About a dozen or so people vented their frustrations over the COVID-19 pandemic lockdown during Monday’s Hermiston City Council meeting.
“I grew up on Main Street,” said Allen Aichele. “I know these people with businesses. To see what’s happening to these people is not right. We can’t be like the federal government and look the other way.”
Aichele’s words drew applause from several people in the audience. Aichele and others said they fear businesses are going to shut down permanently if the state-mandated lockdown isn’t lifted. Some in the audience want the city to take unilateral action and end the county’s lockdown status, something the city cannot do. Umatilla County was placed in the “Extreme Risk” category in December due to rising cases of COVID-19. This month, Morrow County was moved from “Extreme Risk” to “High Risk.” Businesses in counties in the Extreme Risk category are under greater restrictions.
Steve Warr thanked the city council for doing what it can to help struggling businesses, including his daughter’s business, which Warr said was the recipient of a grant. But he also appeared to play down the seriousness of the pandemic by sarcastically saying he was grateful for COVID for eliminating all deaths that were formerly attributed to pneumonia, diabetes and other leading causes of death.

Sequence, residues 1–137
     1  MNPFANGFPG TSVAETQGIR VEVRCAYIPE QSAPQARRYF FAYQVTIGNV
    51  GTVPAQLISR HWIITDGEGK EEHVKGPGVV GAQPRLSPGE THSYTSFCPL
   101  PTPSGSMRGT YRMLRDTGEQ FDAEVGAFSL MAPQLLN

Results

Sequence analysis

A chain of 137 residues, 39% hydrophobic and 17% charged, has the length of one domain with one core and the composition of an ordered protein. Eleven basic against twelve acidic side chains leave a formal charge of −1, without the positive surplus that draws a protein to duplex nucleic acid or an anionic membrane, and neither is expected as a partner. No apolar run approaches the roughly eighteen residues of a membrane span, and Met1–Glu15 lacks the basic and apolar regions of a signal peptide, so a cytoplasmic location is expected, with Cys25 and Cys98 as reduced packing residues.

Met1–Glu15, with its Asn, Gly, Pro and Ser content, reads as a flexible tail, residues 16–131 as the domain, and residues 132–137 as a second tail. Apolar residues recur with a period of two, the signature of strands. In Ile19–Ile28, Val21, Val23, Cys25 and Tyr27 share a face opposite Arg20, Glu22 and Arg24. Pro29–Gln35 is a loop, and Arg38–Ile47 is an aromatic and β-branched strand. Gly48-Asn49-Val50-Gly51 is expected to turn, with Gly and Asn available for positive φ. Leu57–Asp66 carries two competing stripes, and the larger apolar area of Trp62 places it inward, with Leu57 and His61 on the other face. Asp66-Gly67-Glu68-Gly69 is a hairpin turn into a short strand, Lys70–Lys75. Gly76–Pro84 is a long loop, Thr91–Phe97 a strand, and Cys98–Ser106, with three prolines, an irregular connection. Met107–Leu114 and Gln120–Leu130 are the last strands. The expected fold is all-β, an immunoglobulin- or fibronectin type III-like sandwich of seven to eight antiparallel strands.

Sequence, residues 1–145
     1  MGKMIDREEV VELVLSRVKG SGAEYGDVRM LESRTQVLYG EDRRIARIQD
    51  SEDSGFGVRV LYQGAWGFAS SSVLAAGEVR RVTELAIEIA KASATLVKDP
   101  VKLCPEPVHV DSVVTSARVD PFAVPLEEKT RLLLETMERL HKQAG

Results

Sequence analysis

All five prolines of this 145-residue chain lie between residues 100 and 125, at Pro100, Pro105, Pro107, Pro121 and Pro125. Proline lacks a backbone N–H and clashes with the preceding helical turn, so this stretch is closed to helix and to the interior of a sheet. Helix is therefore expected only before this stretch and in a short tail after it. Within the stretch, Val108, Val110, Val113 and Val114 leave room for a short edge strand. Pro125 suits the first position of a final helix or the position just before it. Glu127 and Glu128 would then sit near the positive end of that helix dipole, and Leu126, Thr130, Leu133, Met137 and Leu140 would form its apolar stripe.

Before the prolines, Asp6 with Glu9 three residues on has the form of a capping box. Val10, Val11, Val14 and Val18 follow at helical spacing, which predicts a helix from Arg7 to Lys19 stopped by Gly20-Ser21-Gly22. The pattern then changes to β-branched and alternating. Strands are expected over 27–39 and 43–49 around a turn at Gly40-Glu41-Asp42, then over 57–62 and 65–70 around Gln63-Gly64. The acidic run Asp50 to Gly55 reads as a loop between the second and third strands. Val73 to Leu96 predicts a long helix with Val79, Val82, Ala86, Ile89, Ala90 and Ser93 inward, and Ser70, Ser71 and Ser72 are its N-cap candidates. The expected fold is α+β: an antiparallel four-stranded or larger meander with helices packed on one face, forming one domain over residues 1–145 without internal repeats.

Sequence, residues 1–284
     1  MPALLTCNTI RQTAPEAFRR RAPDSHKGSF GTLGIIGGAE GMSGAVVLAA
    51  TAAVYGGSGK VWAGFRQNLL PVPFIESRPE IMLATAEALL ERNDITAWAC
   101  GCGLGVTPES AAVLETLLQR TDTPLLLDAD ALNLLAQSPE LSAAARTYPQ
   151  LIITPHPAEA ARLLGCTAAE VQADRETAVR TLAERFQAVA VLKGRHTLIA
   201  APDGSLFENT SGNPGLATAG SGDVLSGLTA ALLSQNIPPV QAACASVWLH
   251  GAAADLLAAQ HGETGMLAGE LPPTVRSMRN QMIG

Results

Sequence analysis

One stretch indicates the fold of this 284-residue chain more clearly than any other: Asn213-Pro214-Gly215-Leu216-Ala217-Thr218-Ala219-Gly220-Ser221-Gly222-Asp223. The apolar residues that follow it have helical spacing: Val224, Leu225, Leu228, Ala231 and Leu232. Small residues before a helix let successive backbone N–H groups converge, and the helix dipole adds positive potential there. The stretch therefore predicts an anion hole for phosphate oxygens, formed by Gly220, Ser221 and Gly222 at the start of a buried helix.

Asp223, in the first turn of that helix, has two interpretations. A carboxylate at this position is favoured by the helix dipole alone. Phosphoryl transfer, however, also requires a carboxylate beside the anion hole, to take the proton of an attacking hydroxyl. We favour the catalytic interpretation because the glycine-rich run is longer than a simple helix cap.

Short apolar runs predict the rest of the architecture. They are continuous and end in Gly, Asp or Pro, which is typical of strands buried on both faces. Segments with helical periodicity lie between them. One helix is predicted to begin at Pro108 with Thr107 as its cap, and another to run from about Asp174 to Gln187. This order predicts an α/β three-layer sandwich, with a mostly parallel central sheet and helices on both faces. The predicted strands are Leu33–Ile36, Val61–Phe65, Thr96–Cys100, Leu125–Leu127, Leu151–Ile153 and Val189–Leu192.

Warr said he has known several people who have tested positive for COVID and all of them recovered, including his 85-year-old father.
“If there are situations that take care of COVID, why are we still in lockdown?” he asked. “It’s time to open it up.” Warr didn’t elaborate on what the situations were that take care of COVID.
Marilee Cottrell said the lockdown isn’t affecting everyone equally.
“All our elected officials are still receiving paychecks,” she said. “They aren’t having trouble paying their bills. It’s the people who built this country who need help.”
She said people will be flat on their backs if the lockdown isn’t lifted.
“Oregon and Hermiston have to re-open for these people, for their livelihoods, for their future,” she said.
Councilor Rod Hardin said he was sympathetic to their concerns and shared their frustration, but the decision to re-open is not Hermiston’s to make. He said Morrow County’s kids are back in school because their case numbers have decreased, unlike Umatilla County.
Councilor Roy Barron also said he understood the anxiety felt by the community, but the answer to ending the lockdown and the pandemic remains the same.
“Wear your mask, wash your hands and practice social distancing,” Barron said.
Warr said he doesn’t blame the city specifically and said he appreciated having the chance to speak up.
“We’re not here to chastise you,” he said. “We’re just frustrated.”